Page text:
By Piriya Mahendra, medwireNews Reporter
A mother's age at menopause may dictate when her daughter's fertility will decline, suggests research.
A prospective cohort study has shown that the daughters of women who reach the menopause early (≤45 years) may have a more rapid than usual decline in levels of anti-Müllerian hormone (AMH) and antral follicle count (AFC), markers of a declining ovarian reserve.
"This is the first study to suggest that the age-related decline of AMH and AFC may differ between those whose mothers entered menopause before the age of 45 years and those whose mothers entered menopause after the age of 55 years," remarked lead author Janne Bentzen (Copenhagen University Hospital, Rigshospitalet, Denmark) in a press statement.
Her team found that average AMH levels declined by 8.6%, 6.8%, and 4.2% each year in women whose mothers underwent early-, normal- (46-54 years), and late-onset (>55 years) menopause, respectively.
A similar pattern was found for levels of average AFC, which declined by 5.8%, 4.7%, and 3.2% per year in women whose mothers underwent early, normal, and late menopause.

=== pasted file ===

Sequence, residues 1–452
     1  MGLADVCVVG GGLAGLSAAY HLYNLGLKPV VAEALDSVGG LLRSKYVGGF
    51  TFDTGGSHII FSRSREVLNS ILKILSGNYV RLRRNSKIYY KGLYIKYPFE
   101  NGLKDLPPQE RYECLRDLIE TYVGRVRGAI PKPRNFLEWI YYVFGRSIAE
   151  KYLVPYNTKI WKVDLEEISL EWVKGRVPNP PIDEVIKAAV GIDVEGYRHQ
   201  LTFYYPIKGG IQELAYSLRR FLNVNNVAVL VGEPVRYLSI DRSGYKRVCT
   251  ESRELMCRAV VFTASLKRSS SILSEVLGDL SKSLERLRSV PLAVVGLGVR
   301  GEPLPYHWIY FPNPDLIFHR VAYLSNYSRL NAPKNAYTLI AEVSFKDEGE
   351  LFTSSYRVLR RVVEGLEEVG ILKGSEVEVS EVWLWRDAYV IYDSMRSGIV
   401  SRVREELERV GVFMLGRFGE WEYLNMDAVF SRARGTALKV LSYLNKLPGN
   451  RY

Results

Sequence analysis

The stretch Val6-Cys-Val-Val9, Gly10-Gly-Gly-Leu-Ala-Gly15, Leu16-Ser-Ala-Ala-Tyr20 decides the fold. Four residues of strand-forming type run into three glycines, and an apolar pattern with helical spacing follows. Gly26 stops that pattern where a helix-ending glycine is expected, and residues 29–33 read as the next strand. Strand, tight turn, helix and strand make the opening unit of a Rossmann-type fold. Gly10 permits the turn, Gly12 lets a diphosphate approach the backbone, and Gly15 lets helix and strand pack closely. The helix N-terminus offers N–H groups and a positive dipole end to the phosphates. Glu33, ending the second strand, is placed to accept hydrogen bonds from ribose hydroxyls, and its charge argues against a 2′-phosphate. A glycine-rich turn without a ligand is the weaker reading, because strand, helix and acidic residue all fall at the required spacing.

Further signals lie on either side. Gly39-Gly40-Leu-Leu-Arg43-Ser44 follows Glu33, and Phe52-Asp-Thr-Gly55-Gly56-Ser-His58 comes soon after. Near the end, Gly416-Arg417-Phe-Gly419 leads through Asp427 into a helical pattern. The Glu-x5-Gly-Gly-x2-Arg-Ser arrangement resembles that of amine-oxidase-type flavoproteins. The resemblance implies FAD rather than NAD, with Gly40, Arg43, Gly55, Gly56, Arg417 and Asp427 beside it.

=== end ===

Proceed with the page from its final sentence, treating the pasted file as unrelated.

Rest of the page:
The researchers also found that levels of AMH and AFC were a significant 27.3% and 26.8% lower in women who used oral contraceptives compared with those who did not. However, Bentzen assured that the effect of oral contraceptives on ovarian reserve should be temporary and unlikely to influence the long-term decline in ovarian follicles.
Nevertheless, she said, clinicians and women should be aware of it when considering a woman's reproductive life span or fertility treatment.
The study used the cross-sectional data of 527 women with a mean age of 32.7 years whose mother's age at natural menopause was known. Serum AHM analysis and transvaginal ovarian sonography on cycle days 2-5 were used to assess the AMH and AFC levels of the participants.
The authors write in Human Reproduction: "Our data do not elucidate whether maternal age at menopause is a direct predictor of age at menopause of the offspring, or the chance of pregnancy. Nevertheless, from a biological point of view, it may be reasonable to assume that a low ovarian reserve may have a long-term effect that will shorten the reproductive lifespan."
"We therefore assume that markers such as 'maternal age at menopause' in combination with AMH or AFC, and chronological age may represent a more complete picture when evaluating the ovarian reserve of the individual. This assumption [must] await longitudinal studies before it can be put to test."
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